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Long COVID a Factor in More Than 3,500 American Deaths

By Dennis Thompson HealthDay Reporter

WEDNESDAY, Dec. 14, 2022 (HealthDay News) -- Long COVID is a collection of symptoms -- brain fog, chronic fatigue, shortness of breath, stomach pain -- that can torment people for months and even years on end.

Worse, long COVID can also be is a killer.

More than 3,500 deaths linked to long COVID have occurred in the United States, according to a new report from the U.S. National Center for Health Statistics.

Analysis of death certificate data revealed that 3,544 people had "long COVID" or some similar term listed as a contributing or underlying cause of their death between 2020 and 2022, researchers said.

That's less than 1% of the more than 1 million people who died from their immediate COVID infection, researchers noted.

But experts said the results show that the damage caused by a COVID infection poses a long-term risk to some who survive their bout with the coronavirus.

COVID is more than just a respiratory infection. The disease does damage to many organs in the body, either directly through the virus itself or through inflammation promoted by a person's immune response to the disease.

"It's fair to say it is a factor in a select group," said Dr. Aaron Glatt, chair of infectious diseases at Mount Sinai South Nassau in Oceanside, N.Y. "For a small number of patients who die, long COVID played a role in precipitating or facilitating their deaths, unfortunately."

Older folks account for about 4 out of 5 of deaths linked to long COVID, the study noted.

People 75 to 84 accounted for nearly 29% of deaths tied to long COVID, followed by those 85 and older (28%) and those between 65 and 74 (21.5%).

It could be that the systemic damage done by COVID worsens the chronic health problems people that age would face anyway, Glatt said.

"These are people thought to have underlying medical conditions, including COVID, and they have multiple" health problems, he said.

But because they'd have those health issues anyway, it's hard to say how much or how little long COVID symptoms contributed, Glatt continued.

"It's very difficult to tease out how much of it is really due to long COVID -- how much is due to the impact of long COVID on your underlying heart or lung disease -- and how much of it is due to other factors," he said.

Glatt said it is, however, safe to say that long COVID is undoubtedly involved in some of these deaths, especially those in elderly folks.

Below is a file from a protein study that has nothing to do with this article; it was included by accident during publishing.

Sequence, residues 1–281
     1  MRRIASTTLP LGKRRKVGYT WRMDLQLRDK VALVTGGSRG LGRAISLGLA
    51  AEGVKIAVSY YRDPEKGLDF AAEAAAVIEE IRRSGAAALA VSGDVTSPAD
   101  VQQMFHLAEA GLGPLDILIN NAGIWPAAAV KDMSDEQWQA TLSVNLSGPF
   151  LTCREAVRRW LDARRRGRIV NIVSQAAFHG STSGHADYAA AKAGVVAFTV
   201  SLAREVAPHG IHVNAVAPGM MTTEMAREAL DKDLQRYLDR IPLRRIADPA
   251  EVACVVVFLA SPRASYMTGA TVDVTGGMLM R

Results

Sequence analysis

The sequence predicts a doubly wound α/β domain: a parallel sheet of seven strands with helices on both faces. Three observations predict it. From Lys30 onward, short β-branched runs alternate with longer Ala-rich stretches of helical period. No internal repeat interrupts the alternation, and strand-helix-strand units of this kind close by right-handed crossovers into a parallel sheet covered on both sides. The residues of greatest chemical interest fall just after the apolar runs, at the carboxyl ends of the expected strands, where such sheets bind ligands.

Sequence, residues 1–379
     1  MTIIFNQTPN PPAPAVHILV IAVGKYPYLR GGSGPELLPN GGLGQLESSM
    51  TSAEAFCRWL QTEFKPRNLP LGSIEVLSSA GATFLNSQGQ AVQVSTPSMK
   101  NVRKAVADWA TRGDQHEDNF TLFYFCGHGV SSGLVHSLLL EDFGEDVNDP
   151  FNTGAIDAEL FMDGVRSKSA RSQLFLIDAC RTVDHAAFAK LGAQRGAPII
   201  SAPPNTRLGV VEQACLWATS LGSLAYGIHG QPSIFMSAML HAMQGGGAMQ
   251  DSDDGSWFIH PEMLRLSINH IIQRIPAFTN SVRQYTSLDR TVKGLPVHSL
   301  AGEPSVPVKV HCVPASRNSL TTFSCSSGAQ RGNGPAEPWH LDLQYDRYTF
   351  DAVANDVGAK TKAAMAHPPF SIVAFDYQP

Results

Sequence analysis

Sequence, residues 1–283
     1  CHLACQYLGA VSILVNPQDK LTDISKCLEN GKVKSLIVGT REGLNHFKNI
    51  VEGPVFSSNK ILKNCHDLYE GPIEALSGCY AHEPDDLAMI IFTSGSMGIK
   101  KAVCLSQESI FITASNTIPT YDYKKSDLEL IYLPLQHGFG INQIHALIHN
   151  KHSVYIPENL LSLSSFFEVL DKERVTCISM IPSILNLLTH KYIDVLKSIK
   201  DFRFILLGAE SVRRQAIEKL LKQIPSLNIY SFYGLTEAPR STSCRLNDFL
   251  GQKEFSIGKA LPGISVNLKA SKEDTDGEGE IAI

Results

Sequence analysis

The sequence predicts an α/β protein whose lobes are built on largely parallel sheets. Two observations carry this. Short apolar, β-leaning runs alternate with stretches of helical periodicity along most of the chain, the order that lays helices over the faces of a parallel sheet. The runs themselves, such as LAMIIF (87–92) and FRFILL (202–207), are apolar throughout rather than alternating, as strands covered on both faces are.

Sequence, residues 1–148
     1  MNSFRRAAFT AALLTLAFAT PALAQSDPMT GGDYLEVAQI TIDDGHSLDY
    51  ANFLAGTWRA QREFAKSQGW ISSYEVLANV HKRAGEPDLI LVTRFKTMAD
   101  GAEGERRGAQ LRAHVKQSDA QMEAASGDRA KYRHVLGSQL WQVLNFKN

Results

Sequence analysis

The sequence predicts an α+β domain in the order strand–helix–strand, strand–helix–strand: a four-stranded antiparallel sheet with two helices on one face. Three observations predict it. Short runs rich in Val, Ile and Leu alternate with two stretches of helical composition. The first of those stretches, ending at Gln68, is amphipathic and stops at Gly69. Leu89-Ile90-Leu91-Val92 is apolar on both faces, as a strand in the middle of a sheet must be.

"It may be a contributing cause, but how often that occurs and is this really a tremendous complication of COVID?" Glatt said. "I can't really give you a hard answer."

The study found that the majority of long COVID-related deaths occurred among white people (78.5%), followed by Black people (10%) and Hispanic individuals (8%).

But the per capita death rate from long COVID was highest among American Indian and Alaska Native people (14.8 deaths per 100,000). That was followed by white people (6.7 per 100,000); Black people (6.4 per 100,000), and Hispanics (4.7 per 100,000).

"Despite having higher COVID-19 mortality rates, non-Hispanic Black and Hispanic people did not have higher long COVID death rates than non-Hispanic White people -- rates were similar for non-Hispanic White and non-Hispanic Black people," the researchers noted in their report. "These differences may be due to higher mortality among non-Hispanic Black and Hispanic populations, resulting in fewer COVID-19 survivors left to experience long COVID conditions."

The potential death risk posed by long COVID is yet another reason for folks to get vaccinated, Glatt said.

"You can't die of long COVID if you don't get COVID, and even if you do get COVID, vaccination plays a role in minimizing the likelihood of you getting long COVID," he said.

More information

The U.S. Centers for Disease Control and Prevention has more about long COVID.

SOURCES: Aaron Glatt, MD, chair, infectious diseases, Mount Sinai South Nassau, Oceanside, N.Y.; Vital Statistics Rapid Release, National Center for Health Statistics, Dec. 14, 2022

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